How to measure Core Web Vitals?

Summary: There are several ways to measure your Core Web Vitals. But which one gives you the most reliable results and why? And which one is best for you?

  • by Jordy Scholing
  • Published
  • Reading time ± 2 minutes
  • Core Web Vitals
How to measure Core Web Vitals?

Synthetic Monitoring vs. Real User Monitoring

To determine how you score on the Core Web Vitals, you can use synthetic and real user monitoring methods. While both are useful, one gives a better picture of how your users experience your site speed.

If you start measuring your website, you will soon end up at Google's Lighthouse. Lighthouse uses lab data, which is synthetic data. But to find out how your visitors experience your site you will need a little more.

Not everyone has the budget to buy the latest phone and we certainly don't have any influence on internet connection. Let alone that everyone has the same experience, which Lighthouse indicates.

If you want to understand how you're scoring on Core Web Vitals and get a score that represents the UX, then you might want to take a look at our Core Web Vitals checker or our Core Web Vitals history tool.

Synthetic Monitoring

Synthetic testing involves re-creating user scenarios and keeping an eye on how the website performs and how long it takes to respond. It can be used on a large scale by testing a website's performance from many different places.

It can also offer more than one way to run a test, such as a choice of which user device to imitate or which browser to use to run the test. To accomplish this, you can use tools such as WebPageTest.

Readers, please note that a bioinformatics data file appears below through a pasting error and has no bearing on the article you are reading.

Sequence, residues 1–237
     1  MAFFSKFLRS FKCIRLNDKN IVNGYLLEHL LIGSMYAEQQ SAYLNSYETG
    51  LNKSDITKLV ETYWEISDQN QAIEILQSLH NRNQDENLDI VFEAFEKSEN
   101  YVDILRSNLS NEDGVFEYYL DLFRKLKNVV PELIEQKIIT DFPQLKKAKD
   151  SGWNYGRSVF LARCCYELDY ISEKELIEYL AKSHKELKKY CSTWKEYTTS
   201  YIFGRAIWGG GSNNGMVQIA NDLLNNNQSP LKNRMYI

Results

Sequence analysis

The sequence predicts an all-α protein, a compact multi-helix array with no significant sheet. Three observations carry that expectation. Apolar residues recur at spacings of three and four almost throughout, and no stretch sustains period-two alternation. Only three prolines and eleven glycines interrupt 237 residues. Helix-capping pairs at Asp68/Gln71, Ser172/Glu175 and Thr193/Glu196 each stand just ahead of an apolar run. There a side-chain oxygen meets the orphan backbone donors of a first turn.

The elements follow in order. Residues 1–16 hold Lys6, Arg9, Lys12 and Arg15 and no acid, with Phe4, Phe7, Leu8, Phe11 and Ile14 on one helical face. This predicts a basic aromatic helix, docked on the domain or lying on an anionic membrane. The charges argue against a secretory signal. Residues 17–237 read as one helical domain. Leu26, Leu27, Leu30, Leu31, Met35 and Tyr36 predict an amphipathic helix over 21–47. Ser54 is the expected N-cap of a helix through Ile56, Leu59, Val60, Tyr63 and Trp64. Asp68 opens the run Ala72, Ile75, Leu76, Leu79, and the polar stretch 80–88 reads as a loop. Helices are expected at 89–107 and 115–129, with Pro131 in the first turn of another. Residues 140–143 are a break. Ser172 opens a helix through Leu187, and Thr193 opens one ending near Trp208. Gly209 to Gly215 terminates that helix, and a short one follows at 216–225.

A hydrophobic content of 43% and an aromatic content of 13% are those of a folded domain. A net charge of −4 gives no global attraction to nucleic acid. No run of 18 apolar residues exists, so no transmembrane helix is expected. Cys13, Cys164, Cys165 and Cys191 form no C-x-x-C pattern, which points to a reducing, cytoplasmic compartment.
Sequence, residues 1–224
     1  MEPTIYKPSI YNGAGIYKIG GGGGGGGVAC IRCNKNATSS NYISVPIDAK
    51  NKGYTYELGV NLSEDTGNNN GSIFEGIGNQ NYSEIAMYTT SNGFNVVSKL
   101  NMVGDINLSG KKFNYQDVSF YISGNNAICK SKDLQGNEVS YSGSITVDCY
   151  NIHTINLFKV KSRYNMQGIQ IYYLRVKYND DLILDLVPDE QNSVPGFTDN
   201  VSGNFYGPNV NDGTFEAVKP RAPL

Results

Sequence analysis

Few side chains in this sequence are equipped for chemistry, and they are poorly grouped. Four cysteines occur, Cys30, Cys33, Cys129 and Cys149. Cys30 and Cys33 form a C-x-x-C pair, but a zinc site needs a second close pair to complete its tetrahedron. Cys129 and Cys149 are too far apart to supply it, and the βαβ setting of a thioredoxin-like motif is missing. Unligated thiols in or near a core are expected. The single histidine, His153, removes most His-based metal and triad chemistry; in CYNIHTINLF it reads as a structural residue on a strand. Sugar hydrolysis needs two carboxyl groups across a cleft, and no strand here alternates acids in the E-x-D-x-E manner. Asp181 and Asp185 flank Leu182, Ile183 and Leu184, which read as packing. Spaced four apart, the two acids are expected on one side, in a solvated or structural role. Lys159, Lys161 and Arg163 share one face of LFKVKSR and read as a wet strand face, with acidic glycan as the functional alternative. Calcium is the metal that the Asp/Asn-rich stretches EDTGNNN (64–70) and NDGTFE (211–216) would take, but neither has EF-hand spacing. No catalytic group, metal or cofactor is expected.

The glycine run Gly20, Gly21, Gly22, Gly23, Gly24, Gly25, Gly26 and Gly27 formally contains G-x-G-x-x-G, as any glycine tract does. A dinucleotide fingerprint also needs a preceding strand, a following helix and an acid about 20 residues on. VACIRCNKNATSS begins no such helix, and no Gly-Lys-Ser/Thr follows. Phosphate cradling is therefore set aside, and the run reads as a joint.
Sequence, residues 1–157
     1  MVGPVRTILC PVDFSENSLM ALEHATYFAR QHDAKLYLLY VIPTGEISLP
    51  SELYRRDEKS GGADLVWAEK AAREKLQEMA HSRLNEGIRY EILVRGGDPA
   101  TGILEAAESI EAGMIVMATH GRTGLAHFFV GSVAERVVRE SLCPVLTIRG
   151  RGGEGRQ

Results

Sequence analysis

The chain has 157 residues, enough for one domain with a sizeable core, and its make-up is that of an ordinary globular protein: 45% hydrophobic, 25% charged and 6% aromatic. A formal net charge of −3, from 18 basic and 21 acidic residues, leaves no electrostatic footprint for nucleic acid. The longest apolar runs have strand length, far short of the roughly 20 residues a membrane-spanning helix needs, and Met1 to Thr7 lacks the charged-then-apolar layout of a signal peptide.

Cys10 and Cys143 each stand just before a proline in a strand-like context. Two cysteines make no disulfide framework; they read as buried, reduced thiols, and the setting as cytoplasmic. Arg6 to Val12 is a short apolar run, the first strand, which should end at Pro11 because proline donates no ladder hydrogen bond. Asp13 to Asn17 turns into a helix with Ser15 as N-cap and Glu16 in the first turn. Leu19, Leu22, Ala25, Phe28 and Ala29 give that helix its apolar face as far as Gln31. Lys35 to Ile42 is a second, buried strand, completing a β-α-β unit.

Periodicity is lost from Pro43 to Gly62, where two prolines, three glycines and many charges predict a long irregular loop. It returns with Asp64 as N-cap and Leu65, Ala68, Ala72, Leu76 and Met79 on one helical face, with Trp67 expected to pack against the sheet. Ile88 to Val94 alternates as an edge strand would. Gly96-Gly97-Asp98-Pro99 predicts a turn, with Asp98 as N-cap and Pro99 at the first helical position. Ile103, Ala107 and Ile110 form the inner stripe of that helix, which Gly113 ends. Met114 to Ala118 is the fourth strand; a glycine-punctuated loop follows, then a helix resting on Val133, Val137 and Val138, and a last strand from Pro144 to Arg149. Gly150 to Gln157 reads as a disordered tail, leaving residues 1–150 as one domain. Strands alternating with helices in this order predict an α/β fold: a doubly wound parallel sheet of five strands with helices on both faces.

Real User Monitoring

Real user monitoring, is a performance monitoring process that gathers specific information about how a user experiences a website. Real user monitoring involves the collection of data on a wide range of metrics. Take, for instance, Core Web Vitals and Site Speed User Experience.

Each user's experience is collected. If someone comes in with poor connectivity and a low-end device, they will have a worse experience. It will be better if the user has the latest smartphone with 5G connectivity. With real user monitoring, you collect both and get insights into how your real users experience your website.

Why lab data isn't always representative

Lab data represent how your website would perform on one type of device under specific network conditions. But a red Lighthouse score does not guarantee that your real users will have a bad experience on your website.

Let's take this example. When looking at that the scores you might think the odds are low for this website to pass the Core Web Vitals assessment, but keep in mind that we're looking at lab data.

But with real user data, we have insight into the same website, and the results are completely different based on the real users.

As you can see, almost all the scores are green, which means the user experience is good. If you look at the difference between the Largest Contentful Paint you will see that lab data shows 16.7 seconds, while in reality, it is only between 1 and 2 seconds for real users.


If you are already looking at lab data that is already a good start. But remember that the scores given are not directly representative of the experience of your real users. To measure this through, you need a real user monitoring tool, such as RUMvision. Tools like Pagespeed Insights also allow you to see the experience of real users, but with a 28-day lag and no clarity as to what factors drive the scores.

Lighthouse's performance score also does not determine your SEO and ranking factor. The experience of your real users is taken into account for this purpose.

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